network rail

Network Rail: Cleland rail bridge to be replaced following lorry strikes

A Network Rail and North Lanarkshire Council project will see the replacement of the bridge deck on Bellside Bridge at Cleland, Wishaw, this month.

The decision was made following numerous bridge strikes on the local network, in the hopes of minimising their impact, allowing trains to run safely and reliably.

Stewart Lothian, Network Rail’s structures asset manager for Scotland, said “this bridge is the most bashed in the country and has been struck 56 times over the last decade causing over 3,000 minutes of delay to trains.”

He continued, “we are pleased to have been able to work with North Lanarkshire Council to find a long-term solution to this problem which will improve performance and enhance safety on our railway.”

Network Rail

Bridge strikes cost taxpayers millions of pounds each year, and delay thousands of passengers and road users, but most importantly are a serious health and safety hazard.

They are avoidable but unfortunately continue to affect the railway, with bridge strikes typically happening more frequently over October and November time, as the nights get longer.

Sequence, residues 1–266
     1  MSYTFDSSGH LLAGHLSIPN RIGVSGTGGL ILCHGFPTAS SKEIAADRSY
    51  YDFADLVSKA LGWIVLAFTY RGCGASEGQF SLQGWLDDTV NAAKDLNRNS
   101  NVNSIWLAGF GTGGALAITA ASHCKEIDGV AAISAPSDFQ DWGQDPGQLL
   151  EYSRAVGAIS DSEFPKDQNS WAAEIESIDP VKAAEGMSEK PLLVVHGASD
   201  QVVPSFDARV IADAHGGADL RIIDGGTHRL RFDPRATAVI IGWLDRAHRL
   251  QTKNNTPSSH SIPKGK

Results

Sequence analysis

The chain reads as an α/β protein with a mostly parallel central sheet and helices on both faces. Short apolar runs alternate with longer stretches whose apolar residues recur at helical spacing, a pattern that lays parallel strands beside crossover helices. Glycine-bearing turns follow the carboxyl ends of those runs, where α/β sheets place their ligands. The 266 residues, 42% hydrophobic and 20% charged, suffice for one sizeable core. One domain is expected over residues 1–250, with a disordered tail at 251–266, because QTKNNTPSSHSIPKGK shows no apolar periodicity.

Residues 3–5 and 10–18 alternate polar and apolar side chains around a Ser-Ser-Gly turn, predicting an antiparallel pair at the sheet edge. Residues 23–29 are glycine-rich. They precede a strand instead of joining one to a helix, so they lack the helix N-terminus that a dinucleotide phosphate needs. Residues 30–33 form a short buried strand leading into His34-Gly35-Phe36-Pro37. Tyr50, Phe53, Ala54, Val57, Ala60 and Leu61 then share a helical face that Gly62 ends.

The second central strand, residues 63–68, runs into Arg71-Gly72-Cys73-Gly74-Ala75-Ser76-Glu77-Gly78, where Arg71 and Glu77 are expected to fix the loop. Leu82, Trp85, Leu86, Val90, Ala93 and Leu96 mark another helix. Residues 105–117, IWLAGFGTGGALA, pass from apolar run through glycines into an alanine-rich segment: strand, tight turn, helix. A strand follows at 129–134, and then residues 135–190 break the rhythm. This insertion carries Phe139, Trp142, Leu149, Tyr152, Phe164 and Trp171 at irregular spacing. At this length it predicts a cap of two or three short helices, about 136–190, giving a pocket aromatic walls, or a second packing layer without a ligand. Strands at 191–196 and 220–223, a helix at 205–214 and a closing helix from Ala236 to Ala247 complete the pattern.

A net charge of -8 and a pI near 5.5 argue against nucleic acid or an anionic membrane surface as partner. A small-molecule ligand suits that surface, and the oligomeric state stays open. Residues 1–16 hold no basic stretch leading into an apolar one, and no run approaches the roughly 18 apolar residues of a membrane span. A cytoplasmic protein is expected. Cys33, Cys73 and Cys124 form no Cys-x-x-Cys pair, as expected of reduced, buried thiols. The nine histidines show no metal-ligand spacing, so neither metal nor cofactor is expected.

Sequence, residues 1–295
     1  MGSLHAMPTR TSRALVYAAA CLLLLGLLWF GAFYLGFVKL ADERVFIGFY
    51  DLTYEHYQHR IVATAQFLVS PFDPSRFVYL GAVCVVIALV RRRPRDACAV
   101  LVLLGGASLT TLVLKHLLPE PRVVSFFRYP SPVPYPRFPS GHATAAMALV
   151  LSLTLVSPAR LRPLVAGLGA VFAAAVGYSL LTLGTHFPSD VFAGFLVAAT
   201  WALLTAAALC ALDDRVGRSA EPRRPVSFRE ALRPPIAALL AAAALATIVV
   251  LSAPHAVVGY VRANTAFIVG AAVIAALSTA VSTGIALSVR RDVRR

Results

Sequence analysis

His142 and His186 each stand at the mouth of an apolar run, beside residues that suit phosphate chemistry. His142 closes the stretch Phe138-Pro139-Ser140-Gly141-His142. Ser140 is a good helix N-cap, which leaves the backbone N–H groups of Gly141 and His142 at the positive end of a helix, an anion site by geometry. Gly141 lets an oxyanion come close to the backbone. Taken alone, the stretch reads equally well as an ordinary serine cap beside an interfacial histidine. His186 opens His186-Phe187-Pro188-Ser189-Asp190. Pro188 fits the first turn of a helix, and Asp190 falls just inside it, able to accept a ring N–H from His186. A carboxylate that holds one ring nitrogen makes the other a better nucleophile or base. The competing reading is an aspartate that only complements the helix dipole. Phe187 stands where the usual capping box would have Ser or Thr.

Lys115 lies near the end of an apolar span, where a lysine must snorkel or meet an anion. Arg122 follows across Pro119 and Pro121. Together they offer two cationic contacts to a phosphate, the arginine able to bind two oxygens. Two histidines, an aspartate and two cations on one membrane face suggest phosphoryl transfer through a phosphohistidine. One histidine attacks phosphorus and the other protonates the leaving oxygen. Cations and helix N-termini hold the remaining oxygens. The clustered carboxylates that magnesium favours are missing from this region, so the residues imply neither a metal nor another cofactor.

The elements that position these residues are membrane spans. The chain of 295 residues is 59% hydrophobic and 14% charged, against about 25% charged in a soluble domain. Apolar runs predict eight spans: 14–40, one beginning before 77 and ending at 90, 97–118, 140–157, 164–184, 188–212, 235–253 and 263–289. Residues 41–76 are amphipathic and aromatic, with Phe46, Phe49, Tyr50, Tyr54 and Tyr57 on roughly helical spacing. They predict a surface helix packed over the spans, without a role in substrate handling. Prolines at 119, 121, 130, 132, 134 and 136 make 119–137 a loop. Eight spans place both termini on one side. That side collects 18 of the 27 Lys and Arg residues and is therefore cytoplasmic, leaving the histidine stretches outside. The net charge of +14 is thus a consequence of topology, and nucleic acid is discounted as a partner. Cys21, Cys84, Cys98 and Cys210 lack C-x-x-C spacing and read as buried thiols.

Most bridge strikes happen between 10am and 11am, but numbers are high throughout the day until around 6pm, triggering hours of travel chaos.

Work will commence on Bellside Bridge on August 30th and involves raising the height of the bridge – over the A73 - to prevent damage by high-speed vehicles.

Councillor Michael McPake, Convener of the Environment and Transportation Committee said “the work at Bellside Bridge will bring significant road safety improvements for residents and businesses in Cleland, as heavy lorries will no longer need to travel through the village."

When a vehicle strikes the bridge, the bridge and rail line must be closed whilst an inspection is carried out, so traffic will be diverted through Cleland village.

Network Rail

The Councillor added, “thanks to our partnership work with Network Rail, a long-term solution to the problem of lorries striking the bridge will be delivered before the end of this year.”

In order for the essential work to be undertaken safely, a road closure is necessary, and a signed diversion route will be maintained over the course of 5 weeks.

The works are being completed by Story Contracting and are set to last 8 weeks. The existing  bridge will be replaced with a thinner one, consequently offering additional headroom under the structure.

In doing so, it will remove the bridge’s classification as a low bridge and the need for a signed diversion route through Cleland for high sided vehicles.

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